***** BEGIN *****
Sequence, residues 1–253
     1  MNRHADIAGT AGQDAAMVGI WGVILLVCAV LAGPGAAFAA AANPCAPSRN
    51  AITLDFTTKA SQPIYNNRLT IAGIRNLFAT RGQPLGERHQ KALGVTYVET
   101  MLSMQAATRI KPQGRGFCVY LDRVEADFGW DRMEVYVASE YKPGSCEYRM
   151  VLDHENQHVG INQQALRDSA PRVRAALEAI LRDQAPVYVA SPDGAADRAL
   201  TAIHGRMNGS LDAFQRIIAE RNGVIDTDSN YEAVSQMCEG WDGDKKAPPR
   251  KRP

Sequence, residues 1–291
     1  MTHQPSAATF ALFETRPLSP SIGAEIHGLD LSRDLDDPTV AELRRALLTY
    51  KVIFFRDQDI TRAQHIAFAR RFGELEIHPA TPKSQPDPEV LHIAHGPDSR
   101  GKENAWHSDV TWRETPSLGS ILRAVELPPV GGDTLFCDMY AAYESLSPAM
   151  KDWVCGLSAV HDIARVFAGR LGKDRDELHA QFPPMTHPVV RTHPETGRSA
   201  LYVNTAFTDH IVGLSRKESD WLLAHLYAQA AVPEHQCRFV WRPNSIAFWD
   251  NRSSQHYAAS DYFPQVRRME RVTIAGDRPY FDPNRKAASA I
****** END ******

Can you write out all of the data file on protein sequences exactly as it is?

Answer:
Sequence, residues 1–253
     1  MNRHADIAGT AGQDAAMVGI WGVILLVCAV LAGPGAAFAA AANPCAPSRN
    51  AITLDFTTKA SQPIYNNRLT IAGIRNLFAT RGQPLGERHQ KALGVTYVET
   101  MLSMQAATRI KPQGRGFCVY LDRVEADFGW DRMEVYVASE YKPGSCEYRM
   151  VLDHENQHVG INQQALRDSA PRVRAALEAI LRDQAPVYVA SPDGAADRAL
   201  TAIHGRMNGS LDAFQRIIAE RNGVIDTDSN YEAVSQMCEG WDGDKKAPPR
   251  KRP

Sequence, residues 1–291
     1  MTHQPSAATF ALFETRPLSP SIGAEIHGLD LSRDLDDPTV AELRRALLTY
    51  KVIFFRDQDI TRAQHIAFAR RFGELEIHPA TPKSQPDPEV LHIAHGPDSR
   101  GKENAWHSDV TWRETPSLGS ILRAVELPPV GGDTLFCDMY AAYESLSPAM
   151  KDWVCGLSAV HDIARVFAGR LGKDRDELHA QFPPMTHPVV RTHPETGRSA
   201  LYVNTAFTDH IVGLSRKESD WLLAHLYAQA AVPEHQCRFV WRPNSIAFWD
   251  NRSSQHYAAS DYFPQVRRME RVTIAGDRPY FDPNRKAASA I